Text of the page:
DE Online Desk
Food Minister Sadhan Chandra Majumdar on Tuesday accused some corporate houses, millers, wholesalers and retailers of causing price spiral of rice through hoarding and issued a stern note of warning asking them to get prepared to land in jail unless they correct themselves.
“They must languish in jail unless the correct themselves. Slapping of mere fines will not be enough for them . . . corporate houses, millers, wholesalers and retailers can’t evade their responsibility for the price hike of rice,” he told BSS.
Majumdar added the anti-hoarding campaign has already launched to net the culprits as the government is determined to enforce the newly enacted law on illegal food storage, prescribing life term for hoarding as maximum punishment.
The minister said the government is preparing to intensify the nationwide anti-hoarding campaign engaging law enforcement agencies while his ministry already cancelled leaves including weekly holidays of the Food Department officials and staff to enforce the campaign.
“The businessmen must discard their greedy attitude to make extra profits,” he said.
The minister’s comments came days after Prime Minister Sheikh Hasina asked authorities concerned to send to jail the hoarders and market manipulators saying the sudden price-hike of rice and other essentials after the election was a “very abnormal matter”.
Rice market is visibly exposed to instability for the past two weeks with several market analysts attributing the phenomenon to poor vigilance and extreme monopoly of some big businesses prices of most rice varieties are on the rise in the capital and elsewhere.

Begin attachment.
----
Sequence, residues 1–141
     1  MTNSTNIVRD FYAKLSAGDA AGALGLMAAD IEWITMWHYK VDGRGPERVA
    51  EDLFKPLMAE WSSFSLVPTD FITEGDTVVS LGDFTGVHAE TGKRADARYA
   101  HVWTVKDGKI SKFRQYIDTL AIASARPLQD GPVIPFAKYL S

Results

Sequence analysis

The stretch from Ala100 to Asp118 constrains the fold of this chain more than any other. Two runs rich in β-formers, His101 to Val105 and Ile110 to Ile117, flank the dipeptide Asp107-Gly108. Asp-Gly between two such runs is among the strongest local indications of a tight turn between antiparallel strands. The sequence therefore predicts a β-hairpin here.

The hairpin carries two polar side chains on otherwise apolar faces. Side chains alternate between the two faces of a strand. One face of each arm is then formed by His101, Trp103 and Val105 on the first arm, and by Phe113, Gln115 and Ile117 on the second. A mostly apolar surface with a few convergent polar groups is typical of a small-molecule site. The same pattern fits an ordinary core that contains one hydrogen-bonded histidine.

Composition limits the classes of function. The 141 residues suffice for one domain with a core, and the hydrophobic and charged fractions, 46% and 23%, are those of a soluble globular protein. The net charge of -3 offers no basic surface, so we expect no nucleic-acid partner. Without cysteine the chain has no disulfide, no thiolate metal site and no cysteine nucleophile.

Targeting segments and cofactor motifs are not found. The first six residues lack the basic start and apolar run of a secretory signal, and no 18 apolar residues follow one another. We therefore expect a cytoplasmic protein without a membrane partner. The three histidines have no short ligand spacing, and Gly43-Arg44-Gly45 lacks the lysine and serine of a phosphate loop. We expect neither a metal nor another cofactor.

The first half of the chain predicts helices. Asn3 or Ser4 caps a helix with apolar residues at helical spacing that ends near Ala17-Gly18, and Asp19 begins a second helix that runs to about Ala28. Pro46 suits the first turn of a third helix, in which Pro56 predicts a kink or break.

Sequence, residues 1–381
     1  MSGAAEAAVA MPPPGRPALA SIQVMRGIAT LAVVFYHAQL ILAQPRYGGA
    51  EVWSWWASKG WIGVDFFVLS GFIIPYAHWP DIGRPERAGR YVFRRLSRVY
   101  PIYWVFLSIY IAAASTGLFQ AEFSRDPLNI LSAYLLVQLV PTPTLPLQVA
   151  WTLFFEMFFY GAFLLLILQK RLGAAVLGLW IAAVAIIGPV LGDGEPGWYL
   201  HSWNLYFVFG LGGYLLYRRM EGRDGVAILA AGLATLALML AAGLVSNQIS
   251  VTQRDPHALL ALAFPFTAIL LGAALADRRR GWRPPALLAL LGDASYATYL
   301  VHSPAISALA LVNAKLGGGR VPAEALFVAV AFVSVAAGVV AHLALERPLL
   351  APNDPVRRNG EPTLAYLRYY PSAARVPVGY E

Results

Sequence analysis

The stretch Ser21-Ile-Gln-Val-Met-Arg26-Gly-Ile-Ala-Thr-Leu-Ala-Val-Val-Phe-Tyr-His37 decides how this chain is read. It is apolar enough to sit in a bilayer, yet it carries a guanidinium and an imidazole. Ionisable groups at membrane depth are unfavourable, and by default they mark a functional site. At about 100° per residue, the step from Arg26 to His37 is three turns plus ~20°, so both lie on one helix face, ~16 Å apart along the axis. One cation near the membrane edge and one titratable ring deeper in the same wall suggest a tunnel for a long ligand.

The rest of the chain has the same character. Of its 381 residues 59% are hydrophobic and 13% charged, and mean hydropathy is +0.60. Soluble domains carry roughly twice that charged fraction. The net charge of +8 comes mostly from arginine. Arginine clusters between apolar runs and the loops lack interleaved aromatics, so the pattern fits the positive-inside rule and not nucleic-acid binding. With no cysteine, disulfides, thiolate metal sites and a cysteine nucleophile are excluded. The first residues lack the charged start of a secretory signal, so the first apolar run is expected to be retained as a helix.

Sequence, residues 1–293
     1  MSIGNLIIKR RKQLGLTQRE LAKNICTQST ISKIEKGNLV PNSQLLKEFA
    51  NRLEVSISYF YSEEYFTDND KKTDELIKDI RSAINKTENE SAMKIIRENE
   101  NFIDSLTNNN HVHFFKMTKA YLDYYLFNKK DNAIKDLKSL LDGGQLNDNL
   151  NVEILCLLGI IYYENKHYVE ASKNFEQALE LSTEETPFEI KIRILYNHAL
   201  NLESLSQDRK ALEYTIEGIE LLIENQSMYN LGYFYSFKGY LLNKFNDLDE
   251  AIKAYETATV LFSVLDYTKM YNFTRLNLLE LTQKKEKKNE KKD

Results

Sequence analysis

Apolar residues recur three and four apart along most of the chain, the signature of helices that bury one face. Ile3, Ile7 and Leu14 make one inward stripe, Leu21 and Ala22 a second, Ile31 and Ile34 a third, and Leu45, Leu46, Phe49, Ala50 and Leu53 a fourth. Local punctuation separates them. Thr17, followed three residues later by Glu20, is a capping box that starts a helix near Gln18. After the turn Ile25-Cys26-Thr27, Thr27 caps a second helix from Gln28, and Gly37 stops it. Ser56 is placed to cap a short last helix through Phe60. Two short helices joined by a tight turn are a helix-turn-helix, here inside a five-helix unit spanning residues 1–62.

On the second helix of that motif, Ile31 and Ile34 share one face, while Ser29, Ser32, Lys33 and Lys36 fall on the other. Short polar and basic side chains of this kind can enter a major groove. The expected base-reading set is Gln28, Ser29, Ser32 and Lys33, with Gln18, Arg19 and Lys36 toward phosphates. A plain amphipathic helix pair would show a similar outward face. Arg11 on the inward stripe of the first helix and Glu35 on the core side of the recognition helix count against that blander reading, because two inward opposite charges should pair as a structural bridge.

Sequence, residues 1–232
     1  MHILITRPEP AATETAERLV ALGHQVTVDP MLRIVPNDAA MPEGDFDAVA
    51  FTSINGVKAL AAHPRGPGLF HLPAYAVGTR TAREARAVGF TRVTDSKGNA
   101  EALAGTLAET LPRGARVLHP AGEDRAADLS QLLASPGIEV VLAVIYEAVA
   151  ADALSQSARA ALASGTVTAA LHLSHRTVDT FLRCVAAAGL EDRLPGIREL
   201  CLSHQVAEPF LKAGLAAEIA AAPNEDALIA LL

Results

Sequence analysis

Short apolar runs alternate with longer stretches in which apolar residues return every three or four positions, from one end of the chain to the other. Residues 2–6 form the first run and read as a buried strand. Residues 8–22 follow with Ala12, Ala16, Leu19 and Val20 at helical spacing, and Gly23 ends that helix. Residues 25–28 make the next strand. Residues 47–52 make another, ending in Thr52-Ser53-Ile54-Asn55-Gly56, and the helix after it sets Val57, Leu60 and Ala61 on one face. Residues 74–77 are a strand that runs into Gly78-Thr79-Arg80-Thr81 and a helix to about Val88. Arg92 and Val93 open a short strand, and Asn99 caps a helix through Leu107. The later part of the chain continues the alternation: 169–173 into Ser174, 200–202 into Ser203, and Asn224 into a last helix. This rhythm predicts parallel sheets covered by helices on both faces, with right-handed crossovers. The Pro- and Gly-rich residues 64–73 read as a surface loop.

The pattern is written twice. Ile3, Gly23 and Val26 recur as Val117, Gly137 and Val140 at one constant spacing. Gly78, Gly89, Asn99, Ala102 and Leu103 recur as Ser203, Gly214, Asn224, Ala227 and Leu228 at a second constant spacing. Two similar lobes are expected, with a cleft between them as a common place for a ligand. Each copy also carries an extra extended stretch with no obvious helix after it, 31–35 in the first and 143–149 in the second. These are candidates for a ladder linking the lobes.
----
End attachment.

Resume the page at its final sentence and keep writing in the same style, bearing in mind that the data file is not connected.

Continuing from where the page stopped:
Director General (DG) of National Consumers Right Protection AHM Shafiquzzaman said as part of the campaign his office would ensure display of wholesale and retail price chart both at wholesale and retailers level. “Every retail outlets must collect and keep cash memos of their purchasing. Joint drives will be conducted against the enlisted rice millers by the food department, local administration and national consumers’ right protection directorate,” he said.
“The country is currently witnessing the peak of aman harvesting when the price spiral is unusual,” said agro-economist Dr Jahangir Alam, currently a director of Dhaka School of Economics.
He said the extreme cold and drizzle partly disrupted the rice supply system while the aman production could be less than the expected output this year due to heavy downpour in northeastern and a series of weak cyclones in the southern coasts. But, Alam said, the “abnormal” price hike could not be justified by these factors and opined that the unscrupulous businessmen including millers and some corporate houses took the opportunity to make extra profits through price fixing and market manipulation.
Agricultural Extension Department (DAE) officials largely echoed Jahangir Alam saying there was no reason for rice price to be soared during this full harvest of transplant aman, the second largest crop after Boro, contributing 38 percent of the total annual rice output.
Rice price started soaring ahead of elections and it continued after the voting as well while officials suspected it to be the outcome of a design by market manipulators.
Retailers said the buying miniket rice price at their level was Taka 2850 per sack of 50-kilogram in the first week of January, the rate rose to Taka 3030 on January 10 and it became Taka 3260 on January 16 and now it stands at Taka 3400. The consumers now need to pay Taka 3600 to 3700 for the same quantum of the miniket rice, the most popular affordable variety to the ordinary middle class people.
The price of coarse rice varieties also increased as well by Taka 250 to 350 per sack during the past month.
Retailer Fazlul Huq of Sabuj Traders at Mirpur section-6 Central Kitchen Market said he sold per kilogram coarse rice was at Taka 40 two weeks ago and was now selling the same rice at Taka 44-45.
DE Online Desk